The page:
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Bears in Ireland facts for kids

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Bear statue, Mount Stewart - - 762889
Statue of a bear, Mount Stewart.
Bear Sculpture IFSC House 2
Bear sculpture at the International Financial Services Centre, Dublin
Guinness StoreHouse, Dublin. Advertising Exhibit. - - 626611
Guinness advertisement featuring a bear

Bears were once common in Ireland but are now extinct on the island, dying out in the 1st millennium BC.


The cave bear (Ursus spelaeus) lived in Ireland before going extinct c. 22,000 BC.

The brown bear (Ursus arctos) lived in Ireland also, eating red deer, wild boar, Irish hare and Atlantic salmon.

Bears in Ireland often hibernated in caves; several of them died while hibernating and their bones found by later archaeologists. The most famous examples are in Poll na mBéar (Cave of the Bears) in County Leitrim, and Aillwee Cave, County Clare. Remains have also been found at Lough Gur; County Kildare; and County Longford. Perforated bear teeth (worn on necklaces) have been found in caves in County Clare.

A bear patella bearing butchery marks has been dated to 10860–10641 BC; it was found in the Alice and Gwendoline Cave, County Clare and is the earliest known evidence of human activity in Ireland.

DNA studies have shown that the Irish bear was intermediate between the modern brown bear and modern polar bear. This suggests that the Irish bear interbreeded with archaic polar bears during the Pleistocene.

The bear is believed to have died out c. 1000–500 BC, due to habitat loss and hunting.


In Old Irish, there are three words used for bear:

  • art, from Proto-Celtic *artos and Proto-Indo-European *h₂ŕ̥tḱos; related to Greek ἄρκτος (arktos).
  • math, from Proto-Celtic *matus, as in the Gaulish names Matugenos, Matuus, Teutomatus.
  • beithir; its meaning "bear" is borrowed from the Germanic (Norse bera, English bear); it is believed to derive from a Proto-Celtic *betrix which referred to a monster or beast (as in Latin bēstia).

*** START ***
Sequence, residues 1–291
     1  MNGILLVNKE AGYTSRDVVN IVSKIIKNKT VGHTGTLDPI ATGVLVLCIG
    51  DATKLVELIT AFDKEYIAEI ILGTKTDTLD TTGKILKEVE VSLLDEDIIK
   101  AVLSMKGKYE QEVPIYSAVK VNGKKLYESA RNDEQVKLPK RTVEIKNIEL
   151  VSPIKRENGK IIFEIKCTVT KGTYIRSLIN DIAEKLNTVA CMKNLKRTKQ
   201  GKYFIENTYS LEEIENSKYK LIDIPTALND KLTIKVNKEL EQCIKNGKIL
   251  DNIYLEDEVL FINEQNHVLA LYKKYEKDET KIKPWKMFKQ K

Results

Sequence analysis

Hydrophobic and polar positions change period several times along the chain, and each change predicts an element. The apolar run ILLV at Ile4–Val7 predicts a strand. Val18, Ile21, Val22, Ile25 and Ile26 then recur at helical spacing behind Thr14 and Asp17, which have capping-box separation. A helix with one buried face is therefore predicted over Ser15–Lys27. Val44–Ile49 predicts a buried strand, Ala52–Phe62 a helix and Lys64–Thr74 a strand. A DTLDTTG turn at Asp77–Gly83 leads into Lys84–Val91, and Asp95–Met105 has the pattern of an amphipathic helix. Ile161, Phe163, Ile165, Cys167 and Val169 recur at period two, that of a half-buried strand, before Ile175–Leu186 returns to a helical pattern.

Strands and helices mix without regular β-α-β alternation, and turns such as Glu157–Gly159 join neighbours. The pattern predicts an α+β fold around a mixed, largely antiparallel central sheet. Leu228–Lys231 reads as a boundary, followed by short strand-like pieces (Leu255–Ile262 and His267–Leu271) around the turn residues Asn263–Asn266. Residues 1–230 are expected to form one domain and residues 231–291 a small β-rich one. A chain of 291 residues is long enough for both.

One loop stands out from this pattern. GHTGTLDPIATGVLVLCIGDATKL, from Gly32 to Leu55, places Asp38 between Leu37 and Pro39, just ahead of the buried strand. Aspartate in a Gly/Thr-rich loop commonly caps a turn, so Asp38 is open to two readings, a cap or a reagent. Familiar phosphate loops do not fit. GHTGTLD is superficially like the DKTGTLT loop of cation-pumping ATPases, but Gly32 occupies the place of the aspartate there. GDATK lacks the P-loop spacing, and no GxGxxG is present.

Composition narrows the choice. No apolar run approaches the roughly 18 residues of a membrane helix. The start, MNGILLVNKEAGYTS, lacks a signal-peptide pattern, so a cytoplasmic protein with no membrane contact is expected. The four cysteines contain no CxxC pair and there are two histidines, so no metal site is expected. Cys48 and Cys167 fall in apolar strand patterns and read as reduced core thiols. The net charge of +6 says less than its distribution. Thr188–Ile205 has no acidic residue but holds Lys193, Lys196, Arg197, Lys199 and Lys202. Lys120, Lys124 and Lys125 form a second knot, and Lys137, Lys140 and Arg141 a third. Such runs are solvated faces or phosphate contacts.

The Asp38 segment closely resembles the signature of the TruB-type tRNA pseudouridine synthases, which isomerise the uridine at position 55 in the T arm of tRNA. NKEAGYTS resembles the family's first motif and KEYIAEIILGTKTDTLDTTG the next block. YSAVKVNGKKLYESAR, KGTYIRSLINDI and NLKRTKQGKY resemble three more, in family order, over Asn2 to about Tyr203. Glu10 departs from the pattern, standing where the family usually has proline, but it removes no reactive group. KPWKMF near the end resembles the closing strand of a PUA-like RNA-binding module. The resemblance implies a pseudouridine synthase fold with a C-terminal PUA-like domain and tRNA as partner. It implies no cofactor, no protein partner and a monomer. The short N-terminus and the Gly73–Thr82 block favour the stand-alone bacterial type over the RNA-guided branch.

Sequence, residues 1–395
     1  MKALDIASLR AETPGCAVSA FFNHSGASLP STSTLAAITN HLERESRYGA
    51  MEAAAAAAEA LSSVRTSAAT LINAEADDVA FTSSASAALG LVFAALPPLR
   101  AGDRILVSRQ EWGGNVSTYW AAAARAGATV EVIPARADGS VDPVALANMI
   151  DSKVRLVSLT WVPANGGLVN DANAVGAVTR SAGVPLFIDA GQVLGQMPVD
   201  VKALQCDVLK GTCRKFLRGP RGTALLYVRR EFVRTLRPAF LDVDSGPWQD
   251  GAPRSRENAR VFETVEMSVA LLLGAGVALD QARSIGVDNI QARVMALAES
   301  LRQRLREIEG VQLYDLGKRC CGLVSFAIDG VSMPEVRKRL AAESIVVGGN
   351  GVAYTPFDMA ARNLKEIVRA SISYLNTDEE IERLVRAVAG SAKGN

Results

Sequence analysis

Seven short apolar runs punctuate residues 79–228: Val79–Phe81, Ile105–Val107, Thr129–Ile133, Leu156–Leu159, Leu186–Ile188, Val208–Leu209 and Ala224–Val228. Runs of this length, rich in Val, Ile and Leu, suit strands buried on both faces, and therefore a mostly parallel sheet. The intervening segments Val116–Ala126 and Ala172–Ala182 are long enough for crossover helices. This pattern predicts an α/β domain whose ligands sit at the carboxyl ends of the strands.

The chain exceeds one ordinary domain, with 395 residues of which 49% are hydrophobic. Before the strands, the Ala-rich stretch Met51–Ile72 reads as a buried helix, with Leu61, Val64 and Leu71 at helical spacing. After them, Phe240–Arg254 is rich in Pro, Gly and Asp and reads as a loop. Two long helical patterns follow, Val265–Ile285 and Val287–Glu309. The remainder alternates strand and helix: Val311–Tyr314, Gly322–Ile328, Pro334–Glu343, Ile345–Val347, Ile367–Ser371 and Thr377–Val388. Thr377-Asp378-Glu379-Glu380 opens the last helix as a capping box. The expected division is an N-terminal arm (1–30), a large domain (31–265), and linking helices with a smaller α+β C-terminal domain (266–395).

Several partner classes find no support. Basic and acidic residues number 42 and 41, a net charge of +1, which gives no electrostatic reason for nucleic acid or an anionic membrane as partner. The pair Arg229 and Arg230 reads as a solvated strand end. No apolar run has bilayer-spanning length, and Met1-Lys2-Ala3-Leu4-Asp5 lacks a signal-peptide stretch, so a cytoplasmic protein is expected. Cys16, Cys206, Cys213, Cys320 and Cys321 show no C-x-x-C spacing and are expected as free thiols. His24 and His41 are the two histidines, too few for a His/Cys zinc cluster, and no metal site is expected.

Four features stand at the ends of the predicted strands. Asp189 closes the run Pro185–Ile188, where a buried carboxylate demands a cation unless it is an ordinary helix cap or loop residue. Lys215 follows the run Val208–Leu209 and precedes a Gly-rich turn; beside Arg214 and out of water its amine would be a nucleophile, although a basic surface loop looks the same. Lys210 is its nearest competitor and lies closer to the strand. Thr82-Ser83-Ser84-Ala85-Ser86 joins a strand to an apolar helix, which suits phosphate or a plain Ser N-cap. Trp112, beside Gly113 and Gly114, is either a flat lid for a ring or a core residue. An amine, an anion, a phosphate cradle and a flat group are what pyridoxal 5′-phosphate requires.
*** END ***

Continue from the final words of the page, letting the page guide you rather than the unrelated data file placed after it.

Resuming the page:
The word art fell out of use, with the word gamuin ("calf") being added to math to create mathgamain, and the word beithir being respelled as béar.

Personal names

The elements art and math often appear in personal names like Arthur or surnames names such as MacMahon. In the 12th century Mathghamhain mac Conchobar Maenmaige Ua Conchobair was a prince of Connacht; Mathghamhain Maonmhaighe Ó Briain was King of Thomond in the 15th century; and Mathghamhain Ó hIfearnáin was a poet of the 16th century.

Art mac Cuinn, Art Imlech and Art mac Lugdach were legendary High Kings of Ireland; King Arthur's name is believed to be Brythonic for "bear-man"; and Art Óg mac Murchadha Caomhánach was a 14th-century king. The name Artrí ("bear-king") is also recorded; Artrí mac Cathail was King of Munster in the 8th–9th centuries, and Artrí mac Conchobair was briefly Abbot of Armagh in the 9th century. The surname O'Hart also derives from Ua hAirt, "descendant of Art"; they were based around the Hill of Tara before losing their land in the Norman invasion and resettling in County Sligo.

Legend and myth

Bears occasionally appear in Irish mythology and folk tales, for example, in the tale of The Brown Bear of Norway.


Bears died out in Ireland prior to the coming of the Celts, so their name does not appear in very many place names. The Beara Peninsula, Bear barony and Bere Island are not named for the mammal; the name is believed to have the same root as Iberia. Lismaha (Irish Lios Matha), a townland in County Roscommon, possibly means "bear ringfort", although it could also be "Matthew's ringfort."

Captive bears and reintroduction

Bookplate-Earl of Granard
Arms of the Earls of Granard, featuring three bear heads. As is common in British heraldry, the bears are depicted wearing muzzles, perhaps reflecting the lack of wild bears in Great Britain and Ireland.

Bear-baiting took place in Ireland in the early modern period, with it being common in Belfast; a baiting in Dublin in 1726 led to a bull and bear escaping, with one bear "[seizing] one man by the leg and tore it to pieces." A bear-baiting took place in Cork in 1769.

Two polar bears lived in Dublin Zoo between the early 1980s and 2003. The female bear's behaviors caused concerns and an independent study was commissioned which found bears needed to be able to spend time alone when they choose. It was later moved to a zoo in Hungary where their needs can be accommodated better.

Habitat loss has made it impossible to reintroduce the bear to Ireland, but there are three brown bears — rescued from a private zoo in Lithuania — residing in Wild Ireland, a 23 acres (9.3 ha) reserve on the Inishowen Peninsula.

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